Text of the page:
Cornerstone EPC Sunday morning
Franklin, NC 28734 November 4, 2018
“Let No One…”
We continue, in our series through Colossians, with Paul’s Spirit-led refutation of the Colossian heresy. Its elements are well-stated in verse eighteen, as we shall note again later. This heresy threatens even a reasonably healthy Colossian church, and its elements would threaten us this very day. Therefore, just as we are told in Colossians 2:8, “Let no one take you captive,” so also let no one inflict the harms mentioned in today’s text upon us. May the Lord enable us to hear well this portion of His Word read and proclaimed in this place today.
(HERE READ THE TEXT)
Paul, led the by the Holy Spirit, the Spirit of the living God, opens today’s preaching portion with a command, “Let no one pass judgment on you.” Paul forbids us to let others pass judgment upon us in things dietary, such as food and drink, and in things ceremonial—including the festivals and observances here listed in the text. These things are a shadow of the things to come, but the substance is Christ. Indeed, Christ, Who is the fulfillment of the Law, abrogates these observances. There are no longer needed, for the One has come to Whom these observances and rules testify—and, since He has come, the shadows flee before Him Who is the Light of the World (John 8:12). Let no one pass judgment on you in these things.
Moreover, let no one disqualify you. The Greek word here rendered disqualify (katabrabeuo [katabrabeuw]) evokes a referee who decrees that a competitor is not worthy to receive the winner’s prize. Those who would disqualify us insist on certain additions to faith in Christ alone. The first addition is asceticism, or severe self-treatment (or self-control) of the body—for example, by subjecting it to extreme deprivations or to extreme environmental condition. The second addition is the worship of angels. Angels—being created, non-corporeal living entities—are for this reason not the proper objects of worship. Yet, apparently some at Colosse thought, erroneously, that angel worship formed an essential part of orthodox Christian worship. Paul here refutes that notion. The third addition is ecstatic visions—the seeing of things from on high, and the estimation of seeing them as normative for salvation. In other words, faith in Jesus, again, is not enough; miraculous visions must be present as well. The fourth addition is thinking according to the flesh—and pride therein. This, once again, is human reasoning divorced from the Word of God illumined and quickened to our souls. This verse is an excellent summary of the Colossian heresy—and the wise in Christ among us immediately see the danger these errors pose to our souls.
Hence, let no one detract you from holding fast to the Head—that is, Christ Himself. Jesus is our Head in two senses. First, He is our positional Head. He is our Leader and our Commander—and we are His glad subordinates. Second, He is our vital Head. We, the members (or parts) of His Body draw our life from Him—and, apart from Him, we ultimately do not have life. Because Jesus is our vital Head, His Body, the Church, holds together in Him. Moreover, the Body of Christ, rightly united to Him, grows a God-given growth according to His perfect decree.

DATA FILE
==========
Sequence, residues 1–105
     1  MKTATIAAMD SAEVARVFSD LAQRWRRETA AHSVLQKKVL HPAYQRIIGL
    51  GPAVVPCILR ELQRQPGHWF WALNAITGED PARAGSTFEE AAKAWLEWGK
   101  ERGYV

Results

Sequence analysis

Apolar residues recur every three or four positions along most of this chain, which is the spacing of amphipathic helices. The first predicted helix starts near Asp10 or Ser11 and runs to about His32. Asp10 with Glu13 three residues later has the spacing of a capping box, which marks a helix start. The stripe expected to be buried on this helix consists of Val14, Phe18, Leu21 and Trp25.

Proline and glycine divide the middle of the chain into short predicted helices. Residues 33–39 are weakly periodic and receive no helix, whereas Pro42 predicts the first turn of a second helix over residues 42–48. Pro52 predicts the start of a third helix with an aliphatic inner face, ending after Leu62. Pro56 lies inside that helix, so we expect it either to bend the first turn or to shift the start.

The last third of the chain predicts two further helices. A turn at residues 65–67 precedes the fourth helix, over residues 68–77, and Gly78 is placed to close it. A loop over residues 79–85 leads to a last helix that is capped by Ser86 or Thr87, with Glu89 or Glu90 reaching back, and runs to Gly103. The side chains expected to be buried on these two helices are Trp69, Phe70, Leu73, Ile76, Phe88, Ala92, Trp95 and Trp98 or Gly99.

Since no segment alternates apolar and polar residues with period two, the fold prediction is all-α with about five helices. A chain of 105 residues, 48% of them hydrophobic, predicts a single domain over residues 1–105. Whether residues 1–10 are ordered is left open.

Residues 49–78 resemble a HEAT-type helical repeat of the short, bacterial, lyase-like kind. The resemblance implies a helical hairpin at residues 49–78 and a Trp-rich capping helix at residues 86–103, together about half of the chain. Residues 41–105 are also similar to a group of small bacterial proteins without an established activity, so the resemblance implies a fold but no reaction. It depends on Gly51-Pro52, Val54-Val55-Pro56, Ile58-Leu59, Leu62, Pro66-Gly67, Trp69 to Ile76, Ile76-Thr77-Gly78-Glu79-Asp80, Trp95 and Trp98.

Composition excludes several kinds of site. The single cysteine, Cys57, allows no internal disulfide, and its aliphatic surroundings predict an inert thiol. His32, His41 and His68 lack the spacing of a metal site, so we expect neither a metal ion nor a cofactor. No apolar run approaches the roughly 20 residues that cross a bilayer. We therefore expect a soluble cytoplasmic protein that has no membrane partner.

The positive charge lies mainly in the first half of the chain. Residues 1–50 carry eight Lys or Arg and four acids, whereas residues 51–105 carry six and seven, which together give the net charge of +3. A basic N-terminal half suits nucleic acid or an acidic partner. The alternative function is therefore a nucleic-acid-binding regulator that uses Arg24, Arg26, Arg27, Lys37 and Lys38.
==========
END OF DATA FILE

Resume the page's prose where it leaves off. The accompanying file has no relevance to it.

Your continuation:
Our final, “Let no one…,” of the day now comes: Let no one of you submit to man-made regulations. Let us not submit ourselves to non-Biblical rules concerning things edible and potable: for they perish with use, as we see in our text. Though the things inveighed against here and above appear wise—wise in promoting self-made religion, asceticism, and severity to the body—they have no value in stopping the indulgence of the flesh. Many a moral young man, tempted to sexual immorality, has tried to flee the same by exhausting work or athletic endeavor, followed by a cold shower. This severity to the body does not curb the inclination to sin; our tempted young man needs the work of the Holy Spirit through the means of grace (Scripture, prayer, et al.) to resist the latest temptation. So also do we, whatever our temptations are. These things the Colossian heretics offer are of no value to curb the desires of our sinful natures.
Moreover, it is possible that some souls—well-meaning or otherwise—will aim to inflict the harms mentioned in today’s text upon us. They may say that, contra last week, Jesus is not enough. They may say that Jesus is not enough, for you also must display your ardor for him by inordinate mistreatment of yourself—physically or otherwise. Alternatively, they may say that Jesus is not enough, for you also must possess inordinate regard for His angelic hosts. Yet some may say still that Jesus is not enough, for you also must see and relate unusual visions from on high—and these as prima facie evidence that you are born again. Finally, others may insist that Jesus is not enough, for you also must add merely human cogitations to divinely revealed truth. If pressed some of these may say they dare not imply that Jesus is not enough. Yet at times we may infer that, from their insistence upon these other things, they believe Jesus is not enough even though they deny with their lips.
Beloved ones, let no one inflict these harms upon your souls. Jesus, once again, is enough. Let no one move you from this unshakable truth.